You Know Your Body Best - Part 1
I have been wanting to tackle this topic for a long time but there is a reason I have held off on discussing it. Mainly, it is because of how emotional it is for me to think back and reflect on how things progressed when I was diagnosed almost 17 years ago and how much has changed since then. There is also a lot to say regarding this topic so I wanted to break it up into two separate articles to make it a little easier to read and understand.
For those of you who don’t know my story very well, I want to briefly recap for you:
I was diagnosed with ulcerative colitis at the age of 13. I tried every medication available to me but the only ones that seemed to keep me in remission (or at least be able to manage out of the house) were prednisone and Remicade.
For those who are unfamiliar, prednisone is a fantastic drug for controlling symptoms and bandaging them rather quickly. When my hemoglobin dropped to 4 (the infusion number is generally 8), it became a matter of life and death. My doctors needed to stop the bleeding NOW and there was no time to waste. I also want to throw in that while I did call prednisone a “fantastic drug” and in a lot of ways, it is, it is also known to some as the devil’s tic tak. There are other articles on this site that explains why so if you are interested in learning more, I highly suggest you read the following article here...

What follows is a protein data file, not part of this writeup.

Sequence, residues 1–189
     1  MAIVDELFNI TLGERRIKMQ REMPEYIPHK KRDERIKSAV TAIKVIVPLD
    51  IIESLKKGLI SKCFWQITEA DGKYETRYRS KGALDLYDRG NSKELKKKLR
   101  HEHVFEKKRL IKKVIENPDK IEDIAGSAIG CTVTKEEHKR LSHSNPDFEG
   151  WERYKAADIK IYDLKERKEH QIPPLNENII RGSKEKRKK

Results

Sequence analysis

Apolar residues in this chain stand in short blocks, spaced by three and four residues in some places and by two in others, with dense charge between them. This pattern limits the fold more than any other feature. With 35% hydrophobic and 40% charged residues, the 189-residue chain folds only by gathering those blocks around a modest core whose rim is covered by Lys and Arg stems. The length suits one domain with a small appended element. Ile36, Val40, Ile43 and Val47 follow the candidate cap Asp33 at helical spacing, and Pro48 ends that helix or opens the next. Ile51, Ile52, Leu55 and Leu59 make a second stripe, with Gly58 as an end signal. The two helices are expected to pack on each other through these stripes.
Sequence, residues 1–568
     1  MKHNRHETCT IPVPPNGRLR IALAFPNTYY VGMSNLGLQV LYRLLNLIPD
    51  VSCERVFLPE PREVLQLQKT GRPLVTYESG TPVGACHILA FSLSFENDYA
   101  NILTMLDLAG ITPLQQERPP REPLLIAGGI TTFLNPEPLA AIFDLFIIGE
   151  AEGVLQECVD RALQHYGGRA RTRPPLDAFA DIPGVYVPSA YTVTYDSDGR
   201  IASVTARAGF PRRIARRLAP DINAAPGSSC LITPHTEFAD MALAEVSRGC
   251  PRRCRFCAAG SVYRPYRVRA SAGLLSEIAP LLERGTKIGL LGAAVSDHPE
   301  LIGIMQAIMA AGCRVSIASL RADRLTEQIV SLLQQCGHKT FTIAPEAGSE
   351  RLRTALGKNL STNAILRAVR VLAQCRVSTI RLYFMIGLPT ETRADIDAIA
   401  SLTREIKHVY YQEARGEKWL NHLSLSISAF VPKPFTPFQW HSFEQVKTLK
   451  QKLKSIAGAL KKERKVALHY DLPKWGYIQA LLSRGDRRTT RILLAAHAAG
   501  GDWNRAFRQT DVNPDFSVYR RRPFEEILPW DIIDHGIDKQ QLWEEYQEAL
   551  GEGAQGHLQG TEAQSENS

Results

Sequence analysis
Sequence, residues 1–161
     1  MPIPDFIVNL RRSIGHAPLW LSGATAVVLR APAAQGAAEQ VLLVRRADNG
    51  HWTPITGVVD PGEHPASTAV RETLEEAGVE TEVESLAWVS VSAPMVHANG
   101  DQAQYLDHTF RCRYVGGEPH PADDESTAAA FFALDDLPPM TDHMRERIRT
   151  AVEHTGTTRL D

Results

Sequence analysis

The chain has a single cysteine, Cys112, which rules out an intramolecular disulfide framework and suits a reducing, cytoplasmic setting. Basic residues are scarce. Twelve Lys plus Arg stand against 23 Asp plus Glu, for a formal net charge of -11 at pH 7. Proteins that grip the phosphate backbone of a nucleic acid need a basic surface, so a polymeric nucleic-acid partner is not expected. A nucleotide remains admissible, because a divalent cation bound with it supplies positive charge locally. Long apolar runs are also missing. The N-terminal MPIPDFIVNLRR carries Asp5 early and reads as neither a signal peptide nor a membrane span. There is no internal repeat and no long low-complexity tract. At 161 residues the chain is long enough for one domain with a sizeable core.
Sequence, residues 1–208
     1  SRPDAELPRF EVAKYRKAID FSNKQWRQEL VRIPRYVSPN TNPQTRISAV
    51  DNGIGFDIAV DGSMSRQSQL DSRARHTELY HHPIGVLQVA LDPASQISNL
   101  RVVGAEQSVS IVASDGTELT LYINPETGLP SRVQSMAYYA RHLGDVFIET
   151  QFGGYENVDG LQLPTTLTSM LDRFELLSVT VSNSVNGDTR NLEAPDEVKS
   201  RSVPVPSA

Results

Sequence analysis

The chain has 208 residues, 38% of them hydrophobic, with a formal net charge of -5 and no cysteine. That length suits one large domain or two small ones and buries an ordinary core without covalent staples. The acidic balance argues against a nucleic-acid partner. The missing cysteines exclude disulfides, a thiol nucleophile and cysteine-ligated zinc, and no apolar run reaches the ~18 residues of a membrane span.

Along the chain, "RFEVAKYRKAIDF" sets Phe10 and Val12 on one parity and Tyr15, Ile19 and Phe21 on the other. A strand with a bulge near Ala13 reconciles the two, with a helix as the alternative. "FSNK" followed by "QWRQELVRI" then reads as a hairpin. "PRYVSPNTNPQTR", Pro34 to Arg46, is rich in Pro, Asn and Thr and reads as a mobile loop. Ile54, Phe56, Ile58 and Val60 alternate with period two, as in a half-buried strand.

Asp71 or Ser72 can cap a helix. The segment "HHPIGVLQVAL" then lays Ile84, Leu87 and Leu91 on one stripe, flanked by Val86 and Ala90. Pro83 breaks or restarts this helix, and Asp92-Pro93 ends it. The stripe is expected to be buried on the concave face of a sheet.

At 14 years old it seemed like if I wasn’t going to commit to being on prednisone the rest of my life - which is NEVER recommended or even an option as the long term side effects are too great - I would need to have my colon removed. I met with the surgeon that my doctor recommended who was the head of pediatric surgery at my hospital. He was very kind, calm and also worked with a nurse practitioner who was incredibly warm.
Following that colonoscopy, I was re-diagnosed with indeterminate colitis...
which meant that I definitely had a form of inflammatory bowel disease (IBD) but it was unclear if I had ulcerative colitis or Crohn’s Disease. The location looked like UC but the pattern of sores appeared to be Crohn’s, according to my GI at that time.